SEE ALSO: The 50 richest people on earth

    1. Invest in your family

    Are you married? Do you have three children? Statistically, you’re most likely to be a billionaire if your family looks something like this: Among the world’s richest, 87 percent are married and 63 percent have three of more children. 

    Naturally, having a large family does not guarantee success, yet it seems that the emotional support family and marital life brings with it, might aid individuals in dealing with the stress and ambiguity of entrepreneurship.



    2. No school of hard knocks

    Although 14 percent of the 100 richest people in the world since 1992 have had no formal education at all or were college dropouts, attending certain universities and studying a few select subjects could increase your chance of making it big.

    The most popular universities amongst the world’s billionaires are the famous elite institutions Harvard University and Stanford University, renowned for producing a league of influential entrepreneurs and world leaders. 

    The most popular degrees cover a variety of sectors and include engineering, economics, computer science and business administration.



    3. Successful star signs

    Regardless of your opinion towards horoscopes and astrology, there is some evidence that certain star signs are linked to more successful people. Among the world’s top billionaires, 12.5 percent are Aquarius, who are said to be independent and inventive, traits that arguably come in useful for entrepreneurs.

    On the other hand, the least represented star sign is Cancer, with only 5.9 percent of billionaires born between late June and July. Cancerians are linked to traits such as tenaciousness, but also tend to be insecure, a potential obstacle on the path to success.



    See the rest of the story at Business Insider

    0 0

    Steve Jobs

    Rich people think differently than the average person, and Apple cofounder Steve Jobs, who died with an estimated net worth of $10.2 billion, was no exception.

    In a Quora thread answering the question "Do billionaires know something that normal people don't?" Patrick Methieson noted a Jobs quote that encapsulates the "billionaire mentality":

    "Everything around you that you call life was made up by people that were no smarter than you and you can change it, you can influence it, you can build your own things that other people can use."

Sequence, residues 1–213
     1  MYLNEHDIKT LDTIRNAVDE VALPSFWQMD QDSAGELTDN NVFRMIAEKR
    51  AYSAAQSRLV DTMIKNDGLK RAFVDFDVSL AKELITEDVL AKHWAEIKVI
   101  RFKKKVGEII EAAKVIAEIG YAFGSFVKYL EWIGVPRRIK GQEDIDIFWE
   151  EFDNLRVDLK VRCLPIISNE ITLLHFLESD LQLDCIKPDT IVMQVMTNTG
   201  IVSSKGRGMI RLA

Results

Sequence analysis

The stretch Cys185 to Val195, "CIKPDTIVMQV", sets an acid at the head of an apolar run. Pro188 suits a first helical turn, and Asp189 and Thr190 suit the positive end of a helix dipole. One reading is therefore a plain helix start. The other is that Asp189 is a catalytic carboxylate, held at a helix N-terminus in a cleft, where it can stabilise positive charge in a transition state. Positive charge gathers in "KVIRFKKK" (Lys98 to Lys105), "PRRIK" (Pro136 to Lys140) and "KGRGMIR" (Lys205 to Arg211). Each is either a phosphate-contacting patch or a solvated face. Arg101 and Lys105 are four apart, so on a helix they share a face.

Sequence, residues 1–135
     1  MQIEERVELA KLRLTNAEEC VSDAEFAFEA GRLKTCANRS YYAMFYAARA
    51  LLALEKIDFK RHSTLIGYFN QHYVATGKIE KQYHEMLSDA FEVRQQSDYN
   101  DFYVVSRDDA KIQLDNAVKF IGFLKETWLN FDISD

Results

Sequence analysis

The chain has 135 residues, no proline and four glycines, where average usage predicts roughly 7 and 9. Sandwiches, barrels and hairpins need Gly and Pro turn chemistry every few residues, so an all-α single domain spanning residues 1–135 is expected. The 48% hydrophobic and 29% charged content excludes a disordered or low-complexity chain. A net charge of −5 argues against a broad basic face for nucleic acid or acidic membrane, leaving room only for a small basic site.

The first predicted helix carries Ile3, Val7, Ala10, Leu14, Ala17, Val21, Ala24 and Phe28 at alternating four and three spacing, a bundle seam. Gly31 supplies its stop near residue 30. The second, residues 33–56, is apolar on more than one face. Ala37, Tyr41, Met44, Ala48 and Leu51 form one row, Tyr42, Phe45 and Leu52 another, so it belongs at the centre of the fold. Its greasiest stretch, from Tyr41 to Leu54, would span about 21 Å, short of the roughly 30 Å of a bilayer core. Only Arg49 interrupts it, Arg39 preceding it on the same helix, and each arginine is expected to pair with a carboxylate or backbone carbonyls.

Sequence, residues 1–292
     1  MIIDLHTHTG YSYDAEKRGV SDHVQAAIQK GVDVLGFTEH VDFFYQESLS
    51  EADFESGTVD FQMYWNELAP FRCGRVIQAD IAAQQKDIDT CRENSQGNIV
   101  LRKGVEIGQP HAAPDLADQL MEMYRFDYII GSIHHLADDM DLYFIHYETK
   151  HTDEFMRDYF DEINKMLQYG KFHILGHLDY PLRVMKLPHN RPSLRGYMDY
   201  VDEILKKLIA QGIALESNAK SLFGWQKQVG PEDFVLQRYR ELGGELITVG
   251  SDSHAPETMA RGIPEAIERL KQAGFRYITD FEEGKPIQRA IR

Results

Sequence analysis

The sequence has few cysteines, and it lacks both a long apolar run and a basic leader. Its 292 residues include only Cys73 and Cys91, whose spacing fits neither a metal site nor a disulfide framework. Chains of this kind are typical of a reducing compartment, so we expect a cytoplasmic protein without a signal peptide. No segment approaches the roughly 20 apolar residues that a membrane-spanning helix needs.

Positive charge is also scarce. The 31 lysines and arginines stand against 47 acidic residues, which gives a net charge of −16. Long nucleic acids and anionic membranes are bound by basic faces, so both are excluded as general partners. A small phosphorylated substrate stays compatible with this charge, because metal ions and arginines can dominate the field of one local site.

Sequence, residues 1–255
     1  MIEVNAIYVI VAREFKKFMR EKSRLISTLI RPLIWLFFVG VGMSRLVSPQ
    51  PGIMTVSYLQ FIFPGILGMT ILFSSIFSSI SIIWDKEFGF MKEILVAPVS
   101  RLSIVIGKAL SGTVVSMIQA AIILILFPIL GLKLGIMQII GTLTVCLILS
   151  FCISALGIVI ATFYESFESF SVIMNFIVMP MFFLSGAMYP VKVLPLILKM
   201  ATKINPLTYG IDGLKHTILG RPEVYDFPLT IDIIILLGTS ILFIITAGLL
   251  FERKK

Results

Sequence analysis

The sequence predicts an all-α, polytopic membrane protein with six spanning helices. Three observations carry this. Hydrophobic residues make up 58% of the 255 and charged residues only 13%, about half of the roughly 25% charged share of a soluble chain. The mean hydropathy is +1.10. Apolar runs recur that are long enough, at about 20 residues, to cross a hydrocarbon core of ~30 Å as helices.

It's something that all wealthy people tend to internalize, explained Methieson, a venture investor who has worked with billionaires: "Billionaires realize that the world is pliable. With enough pressure applied to an endeavor, sufficiently resourceful people really can change the world. Contrast that with the rest of us who are more likely to assume the state of the world as static, or given."

    Self-made millionaire Steve Siebold, who interviewed over 1,200 of the world's wealthiest people before writing "How Rich People Think," echoes this belief.

    Rich people have an action mentality and are problem solvers. "While the masses are waiting to pick the right numbers and praying for prosperity, the great ones are solving problems,"he writes.

    This doesn't mean they're smarter than the average person, as Jobs noted. "They are just more strategic," Siebold explains. "When the rich need money, they don't wonder if it's possible, they simply begin creating new ideas that solve problems."

    And "the bigger the problem you solve, the more money you make," he says.

    At the end of the day, getting rich is an inside job. "Let’s set the record straight once and for all: Anyone can become wealthy,"Siebold writes. "It has nothing to do with your education or where you come from. It's not what you do that guarantees wealth, it's what you are."

    SEE ALSO: One quote from Donald Trump may help explain why he's a billionaire

    DON'T MISS: The 50 richest people on earth

    Join the conversation about this story »

    NOW WATCH: KRUGMAN: It's Not Just About Hard Work — Dumb Rich Kids Get All The Breaks


    0 0

    Greekisland5FULL

    Greece has between 1,200 and 6,000 islands, according to a range of different estimates, and there is no definitive answer on how many the Greek government owns.

    What we do know is that dozens of islands are up for sale and that for the country that is battling austerity measures and receiving a bailout from a number of international creditors — every cent counts.

    On Private Islands Online, some islands are going for as little as €3 million (£2.1 million, $3.3 million). That's less than a house in an upmarket neighbourhood in London.